At least sixteen Illinois cases are now linked to the reports of elevated lead levels in recalled cinnamon applesauce pouches. To learn more about the recall, go to https://www.cdc.gov/nceh/lead/news/lead-poisoning-outbreak-linked-to-cinnamon-applesauce-pouches.html. If you or a family member consumed this product, consult your health care provider.
What is a clinical trial?
A clinical trial is a research study using human volunteers to answer specific health questions. Well-conducted clinical trials provide the fastest and safest way to find treatments that work in people and ways to improve health. Clinical trials are sponsored or funded by governments as well as by a variety of other organizations or individuals such as physicians, medical institutions, foundations, voluntary groups, and pharmaceutical companies.
Why consider participating in a clinical trial?
By participating in clinical trials, you can gain access to new research treatments before they are widely available, play a more active role in your own health care, and help others by contributing to the advancement of medical knowledge and research. If you are a member of a minority racial or ethnic group, your participation is strongly encouraged, as minorities are often under-represented in clinical trials.
What other factors need to be considered?
Choosing to participate in a clinical trial is an important and personal decision. Before you consider enrolling in a clinical trial, you should know as much as possible about the trial and carefully consider your interest in participating and all your options, including following the conventional care, in treating your disease. In addition, talk to your health provider, a physician, family members, or friends about deciding to join a trial. Feel free to contact the trial you have in mind and ask questions about the trial, such as the purpose of the trial, why researchers believe the experimental treatment being tested may be effective, what kinds of tests and experimental treatment are involved, how the possible risks, side effects, and benefits in the study compare with your current treatment, how the trial might affect your daily life, and any other questions that you may have.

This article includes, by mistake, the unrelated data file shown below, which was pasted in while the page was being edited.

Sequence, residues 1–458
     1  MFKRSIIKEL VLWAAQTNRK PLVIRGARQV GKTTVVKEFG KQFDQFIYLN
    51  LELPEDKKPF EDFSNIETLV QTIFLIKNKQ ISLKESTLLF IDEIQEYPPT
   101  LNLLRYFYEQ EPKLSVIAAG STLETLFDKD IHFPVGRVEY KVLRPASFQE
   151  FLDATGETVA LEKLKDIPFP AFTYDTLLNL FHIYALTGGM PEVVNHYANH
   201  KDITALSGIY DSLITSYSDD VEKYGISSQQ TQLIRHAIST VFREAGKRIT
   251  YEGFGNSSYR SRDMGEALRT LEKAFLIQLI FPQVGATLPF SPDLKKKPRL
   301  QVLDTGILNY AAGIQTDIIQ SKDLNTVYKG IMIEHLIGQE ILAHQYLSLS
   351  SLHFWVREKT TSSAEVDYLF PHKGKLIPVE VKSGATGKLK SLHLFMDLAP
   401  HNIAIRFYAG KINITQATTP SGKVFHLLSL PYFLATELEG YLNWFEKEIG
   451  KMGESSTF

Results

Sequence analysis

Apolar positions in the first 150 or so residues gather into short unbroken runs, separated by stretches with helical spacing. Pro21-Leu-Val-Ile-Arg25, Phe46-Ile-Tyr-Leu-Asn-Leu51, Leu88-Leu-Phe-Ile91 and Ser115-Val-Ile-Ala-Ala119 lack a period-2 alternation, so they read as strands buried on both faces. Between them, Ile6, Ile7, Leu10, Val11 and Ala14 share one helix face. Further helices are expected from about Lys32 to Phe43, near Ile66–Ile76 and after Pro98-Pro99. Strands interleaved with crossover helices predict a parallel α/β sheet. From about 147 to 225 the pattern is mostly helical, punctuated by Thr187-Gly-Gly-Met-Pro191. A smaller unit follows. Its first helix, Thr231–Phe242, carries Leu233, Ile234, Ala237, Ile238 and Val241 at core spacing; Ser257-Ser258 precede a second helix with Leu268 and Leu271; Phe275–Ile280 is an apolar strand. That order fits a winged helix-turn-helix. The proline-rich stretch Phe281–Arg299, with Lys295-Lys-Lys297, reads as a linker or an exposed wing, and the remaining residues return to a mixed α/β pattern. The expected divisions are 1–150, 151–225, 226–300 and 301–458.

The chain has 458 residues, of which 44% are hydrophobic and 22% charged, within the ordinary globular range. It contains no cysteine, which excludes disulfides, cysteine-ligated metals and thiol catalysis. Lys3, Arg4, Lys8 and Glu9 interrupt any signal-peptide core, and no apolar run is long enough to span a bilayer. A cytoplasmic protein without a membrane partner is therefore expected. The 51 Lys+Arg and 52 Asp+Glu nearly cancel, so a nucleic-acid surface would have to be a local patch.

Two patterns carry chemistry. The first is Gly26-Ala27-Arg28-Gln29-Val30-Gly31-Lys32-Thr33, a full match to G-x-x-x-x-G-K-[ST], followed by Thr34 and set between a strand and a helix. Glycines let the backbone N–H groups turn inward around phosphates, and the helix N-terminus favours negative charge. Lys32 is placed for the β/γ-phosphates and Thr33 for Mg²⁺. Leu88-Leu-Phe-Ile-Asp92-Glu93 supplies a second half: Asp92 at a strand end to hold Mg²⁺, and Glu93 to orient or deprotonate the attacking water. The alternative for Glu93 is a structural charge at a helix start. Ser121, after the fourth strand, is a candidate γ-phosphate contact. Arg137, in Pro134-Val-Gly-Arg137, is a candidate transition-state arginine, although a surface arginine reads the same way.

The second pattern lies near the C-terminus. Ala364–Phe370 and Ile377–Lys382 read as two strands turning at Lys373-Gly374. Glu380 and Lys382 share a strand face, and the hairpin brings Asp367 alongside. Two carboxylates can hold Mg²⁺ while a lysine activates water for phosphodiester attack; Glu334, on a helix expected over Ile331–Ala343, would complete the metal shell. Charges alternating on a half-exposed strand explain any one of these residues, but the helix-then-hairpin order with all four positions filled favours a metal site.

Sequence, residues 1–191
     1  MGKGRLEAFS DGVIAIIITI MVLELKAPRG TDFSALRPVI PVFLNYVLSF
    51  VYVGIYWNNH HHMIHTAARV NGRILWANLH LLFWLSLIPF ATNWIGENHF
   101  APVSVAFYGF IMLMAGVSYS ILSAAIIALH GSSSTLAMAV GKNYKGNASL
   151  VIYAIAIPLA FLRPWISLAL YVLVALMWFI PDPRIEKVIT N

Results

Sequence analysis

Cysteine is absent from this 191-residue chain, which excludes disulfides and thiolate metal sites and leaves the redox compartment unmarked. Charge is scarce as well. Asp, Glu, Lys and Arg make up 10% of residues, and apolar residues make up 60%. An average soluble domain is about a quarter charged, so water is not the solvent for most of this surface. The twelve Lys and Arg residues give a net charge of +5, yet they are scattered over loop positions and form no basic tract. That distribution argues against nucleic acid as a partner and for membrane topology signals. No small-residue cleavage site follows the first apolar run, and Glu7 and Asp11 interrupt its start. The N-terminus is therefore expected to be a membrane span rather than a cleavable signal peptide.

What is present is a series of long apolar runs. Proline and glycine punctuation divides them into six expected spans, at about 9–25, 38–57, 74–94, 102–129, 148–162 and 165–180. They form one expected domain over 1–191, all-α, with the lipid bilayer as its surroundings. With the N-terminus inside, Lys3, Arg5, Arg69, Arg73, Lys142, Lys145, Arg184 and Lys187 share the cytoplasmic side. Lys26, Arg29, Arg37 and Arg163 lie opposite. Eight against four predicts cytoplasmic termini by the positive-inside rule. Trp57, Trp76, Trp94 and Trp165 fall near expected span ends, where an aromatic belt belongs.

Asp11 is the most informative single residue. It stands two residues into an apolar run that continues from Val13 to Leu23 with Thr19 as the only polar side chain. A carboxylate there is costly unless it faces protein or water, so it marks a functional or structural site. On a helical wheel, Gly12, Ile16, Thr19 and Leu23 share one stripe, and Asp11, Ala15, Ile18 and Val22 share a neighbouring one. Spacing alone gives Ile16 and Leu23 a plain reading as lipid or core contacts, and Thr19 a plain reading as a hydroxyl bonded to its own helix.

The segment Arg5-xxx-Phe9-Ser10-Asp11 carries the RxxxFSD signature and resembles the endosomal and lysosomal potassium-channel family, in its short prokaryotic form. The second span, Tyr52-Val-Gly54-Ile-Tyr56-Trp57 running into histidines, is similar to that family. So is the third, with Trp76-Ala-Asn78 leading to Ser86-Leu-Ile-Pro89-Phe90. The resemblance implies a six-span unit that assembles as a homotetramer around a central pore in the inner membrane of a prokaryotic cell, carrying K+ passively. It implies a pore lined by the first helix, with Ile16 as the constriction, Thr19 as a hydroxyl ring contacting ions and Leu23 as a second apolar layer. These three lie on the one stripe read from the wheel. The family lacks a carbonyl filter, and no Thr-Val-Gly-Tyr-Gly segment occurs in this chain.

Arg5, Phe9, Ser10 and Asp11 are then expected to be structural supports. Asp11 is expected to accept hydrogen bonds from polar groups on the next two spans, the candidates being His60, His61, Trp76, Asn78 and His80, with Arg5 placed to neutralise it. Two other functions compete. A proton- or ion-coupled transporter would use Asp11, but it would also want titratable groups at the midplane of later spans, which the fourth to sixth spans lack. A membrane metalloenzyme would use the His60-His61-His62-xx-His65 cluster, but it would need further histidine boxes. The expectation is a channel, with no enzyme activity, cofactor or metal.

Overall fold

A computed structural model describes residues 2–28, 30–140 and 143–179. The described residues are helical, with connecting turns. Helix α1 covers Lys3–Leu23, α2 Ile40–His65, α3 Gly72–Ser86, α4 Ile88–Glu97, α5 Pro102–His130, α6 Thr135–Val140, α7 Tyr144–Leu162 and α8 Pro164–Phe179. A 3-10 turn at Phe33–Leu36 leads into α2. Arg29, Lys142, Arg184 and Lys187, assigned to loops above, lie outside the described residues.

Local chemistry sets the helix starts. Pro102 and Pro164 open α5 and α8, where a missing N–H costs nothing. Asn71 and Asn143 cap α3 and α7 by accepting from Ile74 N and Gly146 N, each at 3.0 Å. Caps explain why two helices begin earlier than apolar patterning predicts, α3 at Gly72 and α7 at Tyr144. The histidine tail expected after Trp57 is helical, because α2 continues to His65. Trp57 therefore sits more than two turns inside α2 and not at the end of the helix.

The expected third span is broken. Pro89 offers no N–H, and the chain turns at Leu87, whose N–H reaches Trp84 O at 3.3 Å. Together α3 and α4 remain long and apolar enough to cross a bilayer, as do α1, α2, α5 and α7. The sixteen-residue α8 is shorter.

Where can I find clinical trials and/or learn more information?
Ask your doctor first and then take advantage of the huge number of recruiting sites and information resources about public and private clinical trials that are available on the internet.
The following web sites may offer trials in Illinois or nearby states:
http://www.clinicaltrials.gov - the largest to date, coordinated by the National Library of Medicine; offers up-to-date information for locating federally and privately supported clinical trials for a wide range of diseases and conditions; searchable by disease, geographical location, sponsor, and recruitment status, etc...
https://www.phrma.org/Resources/State-Map/Clinical-Trials - coordinated by the Pharmaceutical Research and Manufacturers of America, contains information on how to find clinical trials conducted by biopharmaceutical companies.
http://www.controlled-trials.com/ - site owned by Current Controlled Trials Ltd., part of the Current Science Group of companies; offers a search by an International Standard Randomized Controlled Trial Number (ISRCTN) and across multiple registries including the U.K and U.S.
http://www.centerwatch.com/ - site owned by the Thomson Corporation, a Boston-based publishing and information services company; offers information about ongoing and finished industry and government-sponsored clinical trials in the U.S.
http://www.nlm.nih.gov/medlineplus/clinicaltrials.html - supported by the National Library of Medicine; contains comprehensive educational and referral links to web sites of the National Institutes of Health (NIH) on clinical trials; offers an interactive tutorial and is available in both English and Spanish.
Updated January 22, 2021